About the Author: Mark Schlachter serves as Public Diplomacy Chief for the Bureau of International Organization Affairs.
Yesterday, I had the pleasure of serving as the Secretary-General of the fifth-grade Model United Nations of Cold Spring Elementary from Potomac, Maryland. Tuesday’s special session of the Model Security Council was based on the most recent meeting of the actual United Nations Security Council on Children and Armed Conflict (CAAC), in which they discussed the Secretary-General’s reports on CAAC.
The students had been studying the United Nations and issues surrounding children’s rights, such as the Convention on the Rights of the Child. Their overall objective was to understand the many issues facing children around the world and how the UN works to protect their rights.
The roughly 50 students broke into groups representing each of the 15 Security Council members and developed speeches to deliver during our mock Security Council special session. There were many impassioned pleas for children’s rights. Speaking second, the esteemed Permanent Representative of the Model Delegation from Austria set the tone for the discussion, demanding, “We must keep children safe by building walls against these dangers.”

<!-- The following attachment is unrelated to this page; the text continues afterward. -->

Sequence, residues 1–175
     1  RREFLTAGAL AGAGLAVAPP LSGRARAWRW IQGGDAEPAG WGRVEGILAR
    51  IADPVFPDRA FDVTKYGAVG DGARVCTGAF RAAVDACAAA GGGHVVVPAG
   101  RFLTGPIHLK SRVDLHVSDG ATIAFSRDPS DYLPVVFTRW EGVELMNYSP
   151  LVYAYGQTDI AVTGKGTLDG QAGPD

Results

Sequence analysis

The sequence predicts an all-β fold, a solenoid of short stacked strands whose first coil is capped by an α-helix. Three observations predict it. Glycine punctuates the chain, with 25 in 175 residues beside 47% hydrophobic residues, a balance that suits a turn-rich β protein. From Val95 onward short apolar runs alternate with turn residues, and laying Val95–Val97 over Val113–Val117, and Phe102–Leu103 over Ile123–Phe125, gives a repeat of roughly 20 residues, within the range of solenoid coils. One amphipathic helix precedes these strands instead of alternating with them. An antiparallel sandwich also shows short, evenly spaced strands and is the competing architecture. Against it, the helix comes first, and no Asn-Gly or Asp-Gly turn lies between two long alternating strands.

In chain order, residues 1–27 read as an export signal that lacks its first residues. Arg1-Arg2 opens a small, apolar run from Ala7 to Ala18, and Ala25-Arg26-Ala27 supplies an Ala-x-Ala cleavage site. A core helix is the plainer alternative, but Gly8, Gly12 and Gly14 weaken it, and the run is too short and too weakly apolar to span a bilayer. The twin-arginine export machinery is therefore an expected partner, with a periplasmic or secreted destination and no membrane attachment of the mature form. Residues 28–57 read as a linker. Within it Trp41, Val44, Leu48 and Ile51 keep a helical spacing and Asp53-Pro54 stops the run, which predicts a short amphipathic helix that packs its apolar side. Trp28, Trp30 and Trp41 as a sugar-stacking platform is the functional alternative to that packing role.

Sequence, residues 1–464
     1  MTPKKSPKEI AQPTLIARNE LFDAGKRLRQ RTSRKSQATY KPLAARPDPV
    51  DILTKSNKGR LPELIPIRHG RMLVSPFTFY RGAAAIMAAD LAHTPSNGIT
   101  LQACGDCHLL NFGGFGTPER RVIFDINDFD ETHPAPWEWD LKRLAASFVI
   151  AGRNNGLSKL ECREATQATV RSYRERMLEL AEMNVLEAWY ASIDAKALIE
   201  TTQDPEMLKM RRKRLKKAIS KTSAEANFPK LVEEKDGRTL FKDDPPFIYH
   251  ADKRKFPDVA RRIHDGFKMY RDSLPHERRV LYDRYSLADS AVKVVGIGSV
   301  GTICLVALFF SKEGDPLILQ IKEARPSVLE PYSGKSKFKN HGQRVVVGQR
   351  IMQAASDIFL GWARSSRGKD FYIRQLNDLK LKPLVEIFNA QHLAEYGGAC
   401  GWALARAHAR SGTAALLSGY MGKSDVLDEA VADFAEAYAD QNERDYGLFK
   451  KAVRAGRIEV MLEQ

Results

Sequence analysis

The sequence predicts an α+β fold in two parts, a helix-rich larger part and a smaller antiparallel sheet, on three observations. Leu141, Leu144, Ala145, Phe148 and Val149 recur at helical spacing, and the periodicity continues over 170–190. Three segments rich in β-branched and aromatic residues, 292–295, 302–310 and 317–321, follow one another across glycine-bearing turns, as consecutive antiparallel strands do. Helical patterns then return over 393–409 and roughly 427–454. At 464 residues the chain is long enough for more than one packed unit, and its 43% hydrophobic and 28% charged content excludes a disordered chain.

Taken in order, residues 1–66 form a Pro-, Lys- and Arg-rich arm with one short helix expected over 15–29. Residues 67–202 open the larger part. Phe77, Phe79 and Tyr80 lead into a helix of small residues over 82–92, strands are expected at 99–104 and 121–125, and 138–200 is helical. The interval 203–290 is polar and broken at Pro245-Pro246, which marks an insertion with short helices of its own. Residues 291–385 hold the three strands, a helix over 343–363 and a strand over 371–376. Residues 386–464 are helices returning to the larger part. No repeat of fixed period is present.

The Model Japanese delegation raised the issue of using children to clear minefields, while the American delegation discussed child access to health care. The Ugandan delegation recognized the continuing problem of the recruitment of child soldiers in their own country, and requested assistance in curbing it. Speaking last, the Model Ambassador from Turkey, who served as the rotating president of the Council, reminded everyone that we came here “to talk about the next generation—our children,” and implored all parties to do everything possible to curb the injustices perpetrated against our most vulnerable population in areas of conflict.
It was an educating experience for everyone involved, including those of us who have worked with the real Security Council. Prior to the session, the din of discussions and negotiation of text sounded all too familiar, if, perhaps, a little higher pitched.